Early Pease - Heroes, Hoodlums & Lost History of the Pease Family

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Mansfield A resident of New Haven and Middletown, Joseph Mansfield rose to the rank of brigadier general in the Union army before losing his life at the Battle of Antietam. Mary B. The Amistad After slaves revolted and took control of the Amistad in , Americans captured the ship off Long Island and imprisoned the slaves in New Haven. Drawing on the Connecticut Landscape: Benjamin Hutchins Coe Teaches Americans the Democratic Art Benjamin Hutchins Coe, born in Hartford, helped teach Americans how to draw through the publication of numerous art manuals, many of which focused on Connecticut-inspired landscapes.

Lee… Read. His invention… Read.

An African American History Bibliography of Authors and Texts

The Rise of the Black Panther Party in Connecticut As they did nationally, the Black Panther Party in Connecticut fought for an end to discriminatory legal and regulatory practices, often clashing with authorities to achieve their goals. David Humphreys, Soldier, Statesman, and Agricultural Innovator Despite an accomplished political career, this Derby-born gentleman of means is best remembered for introducing Merino sheep to North America. Putting History on the Map While maps serve a utilitarian function at the time of their production, years later they become snapshots in time as displays of the personal and collective memories of those who designed them.

Silas Brooks, Balloonist This Connecticut native earned fame as a crowd-pleasing musician, showman, and aeronaut.

Where Mr. Twain and Mrs. Modernism in Connecticut through Photographs A creed as much as a style, Modernism rejected the forms of the past in favor of an architecture that reflected a new spirit of living. Homer D. Stagecoach Sustained Commerce and Communication in s In its early 19th-century heyday, stagecoach travel was a large-scale enterprise and a source of livelihood for many state residents.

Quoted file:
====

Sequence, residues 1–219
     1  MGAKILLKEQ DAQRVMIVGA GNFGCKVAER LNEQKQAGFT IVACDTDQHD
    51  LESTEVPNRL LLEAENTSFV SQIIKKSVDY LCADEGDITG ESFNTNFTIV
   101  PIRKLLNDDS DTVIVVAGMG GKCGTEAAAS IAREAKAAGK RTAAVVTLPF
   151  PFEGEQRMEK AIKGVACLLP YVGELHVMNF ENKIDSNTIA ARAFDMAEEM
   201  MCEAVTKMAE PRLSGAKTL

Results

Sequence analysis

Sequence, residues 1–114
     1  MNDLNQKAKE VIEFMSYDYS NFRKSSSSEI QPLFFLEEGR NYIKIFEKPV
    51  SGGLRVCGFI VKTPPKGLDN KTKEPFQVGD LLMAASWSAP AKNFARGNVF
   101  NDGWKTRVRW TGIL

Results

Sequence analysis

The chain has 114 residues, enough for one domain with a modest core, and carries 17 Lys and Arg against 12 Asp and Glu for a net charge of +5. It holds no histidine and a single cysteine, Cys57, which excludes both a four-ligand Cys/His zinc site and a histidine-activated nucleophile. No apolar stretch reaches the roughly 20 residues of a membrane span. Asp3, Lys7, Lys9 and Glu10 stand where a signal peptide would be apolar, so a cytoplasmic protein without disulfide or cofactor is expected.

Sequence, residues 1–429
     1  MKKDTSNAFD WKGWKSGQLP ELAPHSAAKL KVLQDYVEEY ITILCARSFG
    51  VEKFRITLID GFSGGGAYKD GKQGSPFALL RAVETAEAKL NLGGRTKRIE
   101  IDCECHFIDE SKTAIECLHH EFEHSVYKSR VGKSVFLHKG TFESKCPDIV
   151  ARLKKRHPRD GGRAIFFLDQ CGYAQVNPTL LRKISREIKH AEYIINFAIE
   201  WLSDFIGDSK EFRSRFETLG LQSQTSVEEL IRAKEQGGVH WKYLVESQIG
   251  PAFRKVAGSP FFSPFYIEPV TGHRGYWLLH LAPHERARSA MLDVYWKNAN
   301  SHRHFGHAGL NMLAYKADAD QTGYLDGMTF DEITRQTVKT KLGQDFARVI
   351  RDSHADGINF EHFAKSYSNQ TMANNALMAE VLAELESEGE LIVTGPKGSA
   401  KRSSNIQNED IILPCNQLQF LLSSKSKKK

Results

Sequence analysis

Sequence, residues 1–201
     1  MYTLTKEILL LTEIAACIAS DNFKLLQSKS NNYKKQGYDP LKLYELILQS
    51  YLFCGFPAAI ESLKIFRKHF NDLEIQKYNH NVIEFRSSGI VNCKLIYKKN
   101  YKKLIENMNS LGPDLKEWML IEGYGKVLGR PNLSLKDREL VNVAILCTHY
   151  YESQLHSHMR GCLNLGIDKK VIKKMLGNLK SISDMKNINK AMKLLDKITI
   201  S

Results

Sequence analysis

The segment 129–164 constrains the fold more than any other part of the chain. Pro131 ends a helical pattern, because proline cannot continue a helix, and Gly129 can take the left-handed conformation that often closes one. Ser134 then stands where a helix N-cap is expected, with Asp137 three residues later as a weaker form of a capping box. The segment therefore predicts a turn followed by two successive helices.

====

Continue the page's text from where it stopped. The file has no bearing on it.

New… Read. The Thimble Islands — Little Islands with a Big History While initially uninhabited because of their rocky soil, the Thimble Islands in Branford evolved into both a popular tourist destination and an exclusive residential community. Somers School of the Prophets Informal institutions of theological training, called schools of the prophets,… Read. Emile Gauvreau and the Era of Tabloid Journalism Emile Gauvreau, former managing editor of the Hartford Courant, became a pioneer in the rise of tabloid journalism.

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Foot Ball Match: Harvard vs. The Connecticut Poll Tax The Connecticut poll tax lasted for almost years and encompassed four different variants.

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The Free Consent of the People: Thomas Hooker and the Fundamental Orders Government formed with the consent of the people was a radical idea in the age of nations ruled by monarchs, emperors, and tsars. Connecticut Pocketknife Firms Connecticut pocketknife production began around Henry Barnard Advances State and National Education Initiatives This 19th-century reformer sought to promote harmonious social and civic behavior by revamping the US school system. The Astronomical Event of the Century Church bells chimed and factory whistles blew and automobiles, trains, and trolleys throughout the state came to a standstill.